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The L-ALMOND model: a functional-structural virtual tree model of almond tree architectural growth, carbohydrate dynamics over multiple years

DeJong, T. M., Da Silva, D., Negron, C., Cieslak, M., Prusinkiewicz, P.
Acta horticulturae 2017 no.1160 pp. 43-50
almonds, branching, canopy, carbohydrates, carbon, fruit trees, models, mortality, orchards, peaches, plant organs, planting, pruning, shade, tree growth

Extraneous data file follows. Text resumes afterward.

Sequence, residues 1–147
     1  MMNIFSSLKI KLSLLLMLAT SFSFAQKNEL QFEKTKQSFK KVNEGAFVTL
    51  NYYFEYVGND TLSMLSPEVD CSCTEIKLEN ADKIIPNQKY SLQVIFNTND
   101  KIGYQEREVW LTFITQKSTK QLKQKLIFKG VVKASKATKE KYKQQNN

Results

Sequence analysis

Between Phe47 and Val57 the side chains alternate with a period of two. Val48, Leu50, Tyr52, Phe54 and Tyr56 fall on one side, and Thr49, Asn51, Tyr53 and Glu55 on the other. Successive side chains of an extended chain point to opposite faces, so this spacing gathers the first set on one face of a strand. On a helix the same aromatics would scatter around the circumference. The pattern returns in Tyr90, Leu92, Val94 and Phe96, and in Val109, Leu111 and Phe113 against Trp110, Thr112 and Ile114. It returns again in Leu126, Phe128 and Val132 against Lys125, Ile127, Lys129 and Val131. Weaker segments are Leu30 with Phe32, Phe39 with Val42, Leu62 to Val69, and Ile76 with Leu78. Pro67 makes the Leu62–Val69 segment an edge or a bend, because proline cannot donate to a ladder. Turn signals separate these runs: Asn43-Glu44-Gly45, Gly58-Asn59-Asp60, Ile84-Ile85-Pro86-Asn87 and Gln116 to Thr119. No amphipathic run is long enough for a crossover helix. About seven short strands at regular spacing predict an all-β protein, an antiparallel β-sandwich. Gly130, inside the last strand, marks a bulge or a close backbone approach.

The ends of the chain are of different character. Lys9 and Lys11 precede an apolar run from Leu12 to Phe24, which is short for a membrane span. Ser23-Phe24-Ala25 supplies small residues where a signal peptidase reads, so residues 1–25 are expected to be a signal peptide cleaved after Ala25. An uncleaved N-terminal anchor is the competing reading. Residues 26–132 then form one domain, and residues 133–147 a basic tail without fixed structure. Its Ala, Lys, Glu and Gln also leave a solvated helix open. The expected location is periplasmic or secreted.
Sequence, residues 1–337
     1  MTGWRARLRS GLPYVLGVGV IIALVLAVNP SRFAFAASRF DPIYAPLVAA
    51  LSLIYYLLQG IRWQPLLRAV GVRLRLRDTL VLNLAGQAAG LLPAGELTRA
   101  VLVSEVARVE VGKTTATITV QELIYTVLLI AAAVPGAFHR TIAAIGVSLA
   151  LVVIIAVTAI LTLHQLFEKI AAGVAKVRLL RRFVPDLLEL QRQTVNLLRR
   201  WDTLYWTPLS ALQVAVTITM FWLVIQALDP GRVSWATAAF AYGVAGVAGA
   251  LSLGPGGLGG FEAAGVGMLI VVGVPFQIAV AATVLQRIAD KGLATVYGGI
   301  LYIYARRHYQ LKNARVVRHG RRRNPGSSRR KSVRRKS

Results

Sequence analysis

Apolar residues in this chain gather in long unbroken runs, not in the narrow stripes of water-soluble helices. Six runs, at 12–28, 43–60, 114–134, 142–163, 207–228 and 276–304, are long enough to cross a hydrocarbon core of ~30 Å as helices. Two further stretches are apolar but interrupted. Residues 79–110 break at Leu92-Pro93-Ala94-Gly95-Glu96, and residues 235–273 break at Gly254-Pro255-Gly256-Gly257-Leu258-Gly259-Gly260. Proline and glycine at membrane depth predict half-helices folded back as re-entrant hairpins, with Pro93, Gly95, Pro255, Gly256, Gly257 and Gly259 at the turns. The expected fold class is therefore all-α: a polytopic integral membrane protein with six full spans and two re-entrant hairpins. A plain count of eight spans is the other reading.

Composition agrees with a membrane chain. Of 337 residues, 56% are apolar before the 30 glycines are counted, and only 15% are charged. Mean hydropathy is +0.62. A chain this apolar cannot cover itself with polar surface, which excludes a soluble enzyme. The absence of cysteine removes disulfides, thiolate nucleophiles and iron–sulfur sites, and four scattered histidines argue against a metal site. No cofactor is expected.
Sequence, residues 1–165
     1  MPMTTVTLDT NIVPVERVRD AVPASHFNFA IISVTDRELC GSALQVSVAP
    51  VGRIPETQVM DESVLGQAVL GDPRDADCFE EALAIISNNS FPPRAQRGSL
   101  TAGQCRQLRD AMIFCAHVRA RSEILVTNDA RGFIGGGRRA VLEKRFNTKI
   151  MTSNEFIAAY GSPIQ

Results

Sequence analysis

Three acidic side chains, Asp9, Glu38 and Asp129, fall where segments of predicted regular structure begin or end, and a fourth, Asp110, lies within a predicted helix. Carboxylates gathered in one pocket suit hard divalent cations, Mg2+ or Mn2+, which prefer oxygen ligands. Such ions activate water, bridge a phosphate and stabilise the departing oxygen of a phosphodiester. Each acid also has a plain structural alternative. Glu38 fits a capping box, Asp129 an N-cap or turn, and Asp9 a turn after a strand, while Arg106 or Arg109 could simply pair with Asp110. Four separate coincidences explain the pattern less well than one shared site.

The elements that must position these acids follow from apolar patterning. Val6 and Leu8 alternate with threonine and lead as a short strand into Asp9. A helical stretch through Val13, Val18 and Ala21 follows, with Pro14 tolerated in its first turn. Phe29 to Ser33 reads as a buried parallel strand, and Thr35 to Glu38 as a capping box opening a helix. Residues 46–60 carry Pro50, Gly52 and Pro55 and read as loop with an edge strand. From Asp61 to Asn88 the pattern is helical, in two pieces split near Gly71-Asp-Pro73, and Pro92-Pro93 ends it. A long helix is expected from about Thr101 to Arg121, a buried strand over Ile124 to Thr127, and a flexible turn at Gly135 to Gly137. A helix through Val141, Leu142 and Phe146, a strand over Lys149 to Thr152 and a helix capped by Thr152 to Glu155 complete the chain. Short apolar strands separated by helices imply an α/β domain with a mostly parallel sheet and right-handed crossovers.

More than two decades of modelling research resulted in the L-PEACH model which used L-systems to simultaneously simulate the architectural development and carbohydrate dynamics (assimilation, transport, distribution, storage and remobilization) of growing peach trees. L-PEACH combined the supply/demand concepts of carbon allocation of a previous PEACH model with an L-systems model of tree architecture to create a distributed supply/demand system of carbon allocation in a three dimensional, growing, virtual tree. The L-PEACH model was expressed in terms of modules that represent plant organs. Organs were represented as a set of elementary sources and sinks for carbohydrates and the whole plant was modeled as a branching network of modules (i.e. organs) connected by conductive elements. A primary objective of the current research was to demonstrate the versatility of the L-systems-based modular approach for modeling fruit trees by converting the L-PEACH model to an L-ALMOND model. To do this initially required merely substituting the peach parameters for each of the different organ types (modules) with values appropriate for almond, based on data from previous experiments. However, the L-PEACH model accommodated manual pruning of simulated trees and pruning was always practiced when simulating tree growth over multiple years. This resulted in substantial reduction in tree (and L-string) complexity after each pruning when running the L-PEACH model. Since almond trees are rarely pruned much after the 2nd year in an orchard, simulation of almond tree growth without pruning resulted in unrealistically dense simulated canopies, and exponentially increased L-string complexity with time and unsatisfactory rates of virtual tree simulation. To overcome this, a function for simulating stem/spur mortality based on within-canopy shading was developed. The current L-ALMOND model is able to successfully simulate almond tree growth and development and produce realistic estimates of tree size, structure and productivity over seven years after initial planting.